Why is the assurance of social and environmental disclosures stalling within New Zealand
Robertson, Bradley Neil
Degree GrantorUniversity of Canterbury
Degree NameMaster of Commerce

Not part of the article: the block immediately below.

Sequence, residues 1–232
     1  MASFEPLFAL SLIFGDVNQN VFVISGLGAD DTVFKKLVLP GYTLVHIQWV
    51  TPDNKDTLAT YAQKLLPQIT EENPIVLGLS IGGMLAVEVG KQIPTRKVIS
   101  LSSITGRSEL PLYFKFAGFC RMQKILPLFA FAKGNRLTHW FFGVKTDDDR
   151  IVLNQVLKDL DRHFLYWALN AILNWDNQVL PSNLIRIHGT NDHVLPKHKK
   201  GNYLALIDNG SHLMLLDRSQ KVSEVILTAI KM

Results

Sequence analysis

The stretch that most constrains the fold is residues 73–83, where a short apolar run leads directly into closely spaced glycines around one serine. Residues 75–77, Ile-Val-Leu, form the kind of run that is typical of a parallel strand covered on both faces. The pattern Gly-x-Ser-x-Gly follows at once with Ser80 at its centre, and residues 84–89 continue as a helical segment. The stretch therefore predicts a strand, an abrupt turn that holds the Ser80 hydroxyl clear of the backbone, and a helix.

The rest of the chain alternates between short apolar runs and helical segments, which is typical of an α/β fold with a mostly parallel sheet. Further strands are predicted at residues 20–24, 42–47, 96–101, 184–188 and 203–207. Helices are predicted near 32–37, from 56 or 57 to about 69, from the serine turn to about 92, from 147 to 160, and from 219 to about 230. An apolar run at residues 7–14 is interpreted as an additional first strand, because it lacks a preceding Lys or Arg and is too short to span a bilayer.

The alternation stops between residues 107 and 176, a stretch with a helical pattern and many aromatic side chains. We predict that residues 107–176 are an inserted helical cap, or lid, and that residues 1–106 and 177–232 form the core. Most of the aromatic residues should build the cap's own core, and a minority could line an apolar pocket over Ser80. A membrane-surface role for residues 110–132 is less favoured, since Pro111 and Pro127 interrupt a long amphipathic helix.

New Zealand has a low prevalence of both social and environmental reporting, and assurance. However, while the number of reporters in New Zealand has continued to rise, the amount of assured reporters has been declining. This thesis seeks to understand why assurance practice is declining, what the causal factors are, and why New Zealand appears to be incongruent with rising levels of international assurance practice. It also aims to discover what might drive increased assurance adoption within New Zealand in the future. Through utilising a pilot study of the current trends in New Zealand social and environmental reporting and assurance over a nine year period, the extent of assurance adoption decline is documented. New Zealand's assurance providers, and the country's non-assured, formerly assured, and currently assured organisations are interviewed regarding their position on assurance adoption. Benefits and barriers to assurance, stakeholder use and need for assurance, material differences between New Zealand and international practice, whether assurance is poised to increase in the future, and what will potentially drive assurance in the future are investigated. This thesis discovers several barriers to assurance adoption including: cost, lack of perceived internal and external value, lack of pressure from stakeholders, difficulties surrounding the assurance engagement, under-developed reporting, and assurance having a diminishing value over time. The benefits identified were not as strong as the barriers in most cases. Internal benefits were generally perceived to be greater than the external benefits, as organisations noted questionable credibility enhancement. Overall, a lack of drivers for assurance exists. Lack of stakeholder pressure is the key overriding barrier halting assurance adoption. An increase in assurance adoption could eventuate if increased societal awareness and desire for disclosures, pressure from export markets, and a change in presentation and communication of disclosures occurred.